Lasting Impressions

It’s hard to imagine how much one can change just from going out of the country for a month but this trip has definitely changed me in so many ways! I have fallen in love with the country, gained countless new friends, and learned so much about myself and how I can improve my own teaching for the better. Over the course of this month, the teachers, students, and other residents of Arusha have helped change me for the better. Here are just a couple of the lasting impressions I will take from this trip:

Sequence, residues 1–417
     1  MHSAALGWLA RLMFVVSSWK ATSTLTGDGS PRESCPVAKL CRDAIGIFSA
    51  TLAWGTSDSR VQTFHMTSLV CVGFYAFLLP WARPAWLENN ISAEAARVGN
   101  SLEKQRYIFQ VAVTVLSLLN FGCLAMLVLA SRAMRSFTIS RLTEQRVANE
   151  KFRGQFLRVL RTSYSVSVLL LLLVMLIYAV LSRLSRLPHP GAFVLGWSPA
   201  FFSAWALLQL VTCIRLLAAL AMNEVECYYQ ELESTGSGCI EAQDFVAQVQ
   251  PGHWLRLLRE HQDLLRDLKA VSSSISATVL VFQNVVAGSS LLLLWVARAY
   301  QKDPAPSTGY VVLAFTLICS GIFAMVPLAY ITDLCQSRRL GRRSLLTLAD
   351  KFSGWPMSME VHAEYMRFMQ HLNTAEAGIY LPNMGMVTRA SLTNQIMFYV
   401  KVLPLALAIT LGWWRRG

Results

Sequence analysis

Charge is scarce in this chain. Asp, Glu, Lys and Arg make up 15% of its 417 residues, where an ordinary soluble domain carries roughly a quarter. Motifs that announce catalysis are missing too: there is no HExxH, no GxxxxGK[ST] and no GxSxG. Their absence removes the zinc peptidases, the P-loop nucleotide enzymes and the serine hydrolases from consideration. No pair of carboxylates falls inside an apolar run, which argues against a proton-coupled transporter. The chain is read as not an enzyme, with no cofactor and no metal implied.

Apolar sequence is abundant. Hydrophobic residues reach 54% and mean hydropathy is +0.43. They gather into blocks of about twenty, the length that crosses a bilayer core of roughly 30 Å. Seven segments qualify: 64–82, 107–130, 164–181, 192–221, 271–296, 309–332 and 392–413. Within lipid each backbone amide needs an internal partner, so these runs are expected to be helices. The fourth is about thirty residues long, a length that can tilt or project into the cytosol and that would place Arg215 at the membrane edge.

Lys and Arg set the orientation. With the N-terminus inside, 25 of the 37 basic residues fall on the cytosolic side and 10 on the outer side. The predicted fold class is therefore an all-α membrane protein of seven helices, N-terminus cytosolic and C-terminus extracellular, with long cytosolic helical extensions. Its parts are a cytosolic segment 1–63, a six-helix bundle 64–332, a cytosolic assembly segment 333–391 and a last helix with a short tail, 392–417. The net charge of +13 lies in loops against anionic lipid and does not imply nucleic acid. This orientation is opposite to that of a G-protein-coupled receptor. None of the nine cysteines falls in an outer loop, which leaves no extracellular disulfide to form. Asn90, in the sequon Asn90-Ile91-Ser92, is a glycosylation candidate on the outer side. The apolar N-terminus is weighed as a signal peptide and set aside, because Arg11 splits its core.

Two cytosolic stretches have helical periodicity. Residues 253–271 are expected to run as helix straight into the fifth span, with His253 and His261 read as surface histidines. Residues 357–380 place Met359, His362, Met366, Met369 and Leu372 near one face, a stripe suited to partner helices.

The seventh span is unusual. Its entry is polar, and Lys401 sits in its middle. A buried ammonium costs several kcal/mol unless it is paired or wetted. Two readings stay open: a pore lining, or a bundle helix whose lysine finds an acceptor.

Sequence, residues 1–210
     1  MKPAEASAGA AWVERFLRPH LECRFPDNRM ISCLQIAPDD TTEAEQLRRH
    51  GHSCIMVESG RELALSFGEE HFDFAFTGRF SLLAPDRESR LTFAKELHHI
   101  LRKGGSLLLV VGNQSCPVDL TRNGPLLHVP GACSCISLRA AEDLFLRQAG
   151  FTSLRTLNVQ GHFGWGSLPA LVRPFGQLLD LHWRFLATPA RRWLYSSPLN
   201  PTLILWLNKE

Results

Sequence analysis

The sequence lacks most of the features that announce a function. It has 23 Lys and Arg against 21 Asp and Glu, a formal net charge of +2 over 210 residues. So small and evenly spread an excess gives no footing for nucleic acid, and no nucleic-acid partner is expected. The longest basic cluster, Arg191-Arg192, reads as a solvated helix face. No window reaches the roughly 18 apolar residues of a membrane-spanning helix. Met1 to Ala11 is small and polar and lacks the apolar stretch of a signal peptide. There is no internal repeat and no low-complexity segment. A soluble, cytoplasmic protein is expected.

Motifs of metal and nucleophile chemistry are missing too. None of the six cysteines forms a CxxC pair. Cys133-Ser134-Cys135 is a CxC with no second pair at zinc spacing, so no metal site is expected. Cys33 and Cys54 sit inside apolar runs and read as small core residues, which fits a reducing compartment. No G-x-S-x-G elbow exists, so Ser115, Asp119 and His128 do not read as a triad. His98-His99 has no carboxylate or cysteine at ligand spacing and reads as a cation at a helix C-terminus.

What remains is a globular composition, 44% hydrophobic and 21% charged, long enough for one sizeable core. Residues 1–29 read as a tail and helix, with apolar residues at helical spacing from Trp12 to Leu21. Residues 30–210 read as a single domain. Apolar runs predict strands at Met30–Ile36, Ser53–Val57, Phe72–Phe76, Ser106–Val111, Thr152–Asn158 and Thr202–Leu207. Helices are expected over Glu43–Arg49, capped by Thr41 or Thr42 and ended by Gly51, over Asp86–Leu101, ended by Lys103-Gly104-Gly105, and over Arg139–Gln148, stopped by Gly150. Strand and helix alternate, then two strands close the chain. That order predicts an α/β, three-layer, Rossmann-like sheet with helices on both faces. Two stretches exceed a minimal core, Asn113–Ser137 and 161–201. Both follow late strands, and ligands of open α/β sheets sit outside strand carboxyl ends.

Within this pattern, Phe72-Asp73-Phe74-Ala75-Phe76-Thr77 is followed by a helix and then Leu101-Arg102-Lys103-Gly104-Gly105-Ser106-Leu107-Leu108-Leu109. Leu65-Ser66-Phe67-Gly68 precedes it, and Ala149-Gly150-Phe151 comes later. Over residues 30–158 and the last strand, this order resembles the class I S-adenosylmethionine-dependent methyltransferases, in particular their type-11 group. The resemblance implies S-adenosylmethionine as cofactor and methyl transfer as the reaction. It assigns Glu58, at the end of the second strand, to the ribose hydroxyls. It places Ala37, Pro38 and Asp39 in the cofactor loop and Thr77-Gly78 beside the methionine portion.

1)      The kindness of the Tanzanian people is beyond compare! From the first walking tour through the city and throughout the entire duration of the trip, we encountered the most joyful people you could ever run into. When most people would refuse to even talk to me after telling them “no, I don’t want to buy your painting” for the 1,000th time, the street vendors still came up to me each time I walked into town and greeted me with a smile and asked me how my day was going. When it was pouring down rain on our walks to school and most Americans would have a grumpy scowl on their face, we encountered countless people walking down the street with smiles on their faces and greeting us with a friendly “Jambo!” Or when students would sit through another one of my seemingly-boring lessons and still say to me after the lesson, “please don’t leave us, we want you to keep teaching us because you are so cool!”. Even through the tough situations that many of these people face every single day, they are still able to put a smile on and give everyone else the kindness they deserve. The kindness here is part of the reason I have fallen in love with this country!